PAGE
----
Good question. And one that marketers all over the world are struggling to answer. No, I'm not talking about late- night strolls by the sea and diamonds; I'm talking about the future of marketing. And women, it seems, hold the key. Women buy (or influence the purchase of) 80% of today's consumer goods. And the trend is continuing online with more women surfers and buyers than men. So, how do we target this feminine segment of the buying population? Think soft. Think informative. Think gossip.


Let's imagine that a woman is planning on purchasing a new car. Two ads run on television: one with a red-faced salesman screaming the prices and promising the best deals in town, the other is an ad that uses a soft-spoken announcer who calmly tells the audience that there is a sale going on, and that it just might be the right time to buy a car. Who do you think gets the sale? That's right, it's the softer ad. Nothing makes a female purchaser run faster toward the competition than an in-your-face ad. How does this apply online? Your Web site is the announcer. Does it "scream" at the customer with harsh colors and pronouncements that claim to be the best game in town, or does it create a calm relaxed atmosphere that makes the browser want to pull up a chair and stay awhile?


Men mostly make their buying decisions based on price and availability, and while these play an important role in women's purchasing decisions as well, the need to be informed is just as important. Have you ever been with a woman while shopping for a sofa? Not only is the style and color important, but also the fabric content, the manufacturer, the inside contents, the warranty, and the return policy. While men tend to make buying decisions based on a few facts, women want the whole picture--all the information available so they can make an informed decision.

Again, how does this apply online? We all know that information is what drives the Internet, and the most successful sites have articles and tips that allow the consumer to walk away with something that they didn't know before. But how organized is the information on your site? Do you clearly spell out your return policies and delivery times? Do you offer online pricing, or even comparative prices from your competitors? Do you provide all of the details (and photos) of your product and then offer a way for consumers to ask questions and get immediate responses? If not, you're probably not doing all you can to make female purchasers feel comfortable enough to buy from your site.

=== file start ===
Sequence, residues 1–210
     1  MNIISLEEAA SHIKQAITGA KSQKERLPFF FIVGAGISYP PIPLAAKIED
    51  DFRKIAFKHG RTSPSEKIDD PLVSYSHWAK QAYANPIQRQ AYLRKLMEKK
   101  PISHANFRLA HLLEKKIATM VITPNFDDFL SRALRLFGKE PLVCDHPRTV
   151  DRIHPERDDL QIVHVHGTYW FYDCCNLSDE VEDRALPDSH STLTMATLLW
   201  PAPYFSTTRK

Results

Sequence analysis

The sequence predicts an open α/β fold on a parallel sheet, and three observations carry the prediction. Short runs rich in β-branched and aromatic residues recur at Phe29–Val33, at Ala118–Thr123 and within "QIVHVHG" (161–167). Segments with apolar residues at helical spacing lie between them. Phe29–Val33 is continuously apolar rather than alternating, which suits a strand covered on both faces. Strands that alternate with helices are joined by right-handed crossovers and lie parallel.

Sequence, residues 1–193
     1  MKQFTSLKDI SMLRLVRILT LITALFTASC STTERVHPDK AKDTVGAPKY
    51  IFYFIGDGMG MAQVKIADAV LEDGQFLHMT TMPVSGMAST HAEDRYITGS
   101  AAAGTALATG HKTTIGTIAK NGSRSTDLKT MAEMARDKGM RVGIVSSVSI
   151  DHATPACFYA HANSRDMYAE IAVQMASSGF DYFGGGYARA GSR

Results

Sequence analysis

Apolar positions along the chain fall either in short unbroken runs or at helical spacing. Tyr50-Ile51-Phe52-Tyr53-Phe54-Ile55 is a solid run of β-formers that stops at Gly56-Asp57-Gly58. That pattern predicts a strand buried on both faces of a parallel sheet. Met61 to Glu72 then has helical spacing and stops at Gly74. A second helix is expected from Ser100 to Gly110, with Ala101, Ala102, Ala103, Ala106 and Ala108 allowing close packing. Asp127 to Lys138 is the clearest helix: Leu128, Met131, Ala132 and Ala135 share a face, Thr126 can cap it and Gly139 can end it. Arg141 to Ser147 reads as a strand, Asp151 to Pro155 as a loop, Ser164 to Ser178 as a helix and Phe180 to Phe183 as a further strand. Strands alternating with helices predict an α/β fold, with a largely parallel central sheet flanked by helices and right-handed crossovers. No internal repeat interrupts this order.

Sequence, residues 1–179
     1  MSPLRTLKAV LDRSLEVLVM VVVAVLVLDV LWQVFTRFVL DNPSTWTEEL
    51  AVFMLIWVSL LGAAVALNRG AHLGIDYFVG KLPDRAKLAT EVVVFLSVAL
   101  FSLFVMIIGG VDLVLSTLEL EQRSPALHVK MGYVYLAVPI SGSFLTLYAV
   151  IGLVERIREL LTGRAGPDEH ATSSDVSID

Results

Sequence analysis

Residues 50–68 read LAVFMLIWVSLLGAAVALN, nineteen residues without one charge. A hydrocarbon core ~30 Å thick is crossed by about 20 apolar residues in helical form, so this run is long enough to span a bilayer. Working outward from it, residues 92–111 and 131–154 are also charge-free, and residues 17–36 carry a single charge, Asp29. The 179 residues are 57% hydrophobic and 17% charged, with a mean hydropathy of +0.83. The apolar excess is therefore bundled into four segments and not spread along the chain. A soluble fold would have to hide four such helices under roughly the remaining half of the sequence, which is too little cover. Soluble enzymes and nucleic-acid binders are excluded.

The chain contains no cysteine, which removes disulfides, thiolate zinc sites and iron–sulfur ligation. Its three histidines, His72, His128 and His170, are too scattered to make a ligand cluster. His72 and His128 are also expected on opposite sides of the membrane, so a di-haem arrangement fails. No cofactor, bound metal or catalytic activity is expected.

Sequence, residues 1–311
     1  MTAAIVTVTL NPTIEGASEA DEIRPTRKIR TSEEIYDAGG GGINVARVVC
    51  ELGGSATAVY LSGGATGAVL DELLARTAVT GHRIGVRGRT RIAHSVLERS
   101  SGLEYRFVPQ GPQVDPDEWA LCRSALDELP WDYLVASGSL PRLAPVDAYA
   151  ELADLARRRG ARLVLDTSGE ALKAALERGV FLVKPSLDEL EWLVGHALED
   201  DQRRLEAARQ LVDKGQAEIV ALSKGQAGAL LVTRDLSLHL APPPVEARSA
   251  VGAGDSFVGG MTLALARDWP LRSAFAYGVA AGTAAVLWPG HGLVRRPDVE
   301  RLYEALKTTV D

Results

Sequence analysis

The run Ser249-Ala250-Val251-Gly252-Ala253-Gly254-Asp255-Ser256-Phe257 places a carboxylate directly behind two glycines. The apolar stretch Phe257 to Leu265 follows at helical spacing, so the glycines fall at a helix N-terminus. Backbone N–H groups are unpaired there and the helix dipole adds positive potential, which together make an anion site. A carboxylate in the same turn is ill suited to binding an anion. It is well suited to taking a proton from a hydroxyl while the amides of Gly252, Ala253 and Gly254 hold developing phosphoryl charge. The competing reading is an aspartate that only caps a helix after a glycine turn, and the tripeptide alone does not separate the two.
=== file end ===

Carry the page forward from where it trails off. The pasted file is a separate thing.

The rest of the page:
Women talk. That's not a biased statement, it's a fact. And we like to pass along helpful information to our friends, which can be great for a company that just happens to offer a product that we need or desire. The challenge for any company who wants to use this form of viral marketing is two-fold: to sell the right product or service that women can get excited about, and then to help them spread the word. If you have such a product, you might consider setting up a message board on your site, or creating a newsletter that can be passed on to friends and family. Another way to help spread the word is to send emails with tips or advice on your particular area of expertise containing your site's name and address, which can also be passed on. (Opt-in only, please!)

So you see, we women aren't that hard to understand. All we require to make a buying decision is an ad or site that doesn't offend our eyes and ears, all of the available information on a product or service, and a reason (and possibly an avenue) to pass along your name. And who said we were impossible to figure out?

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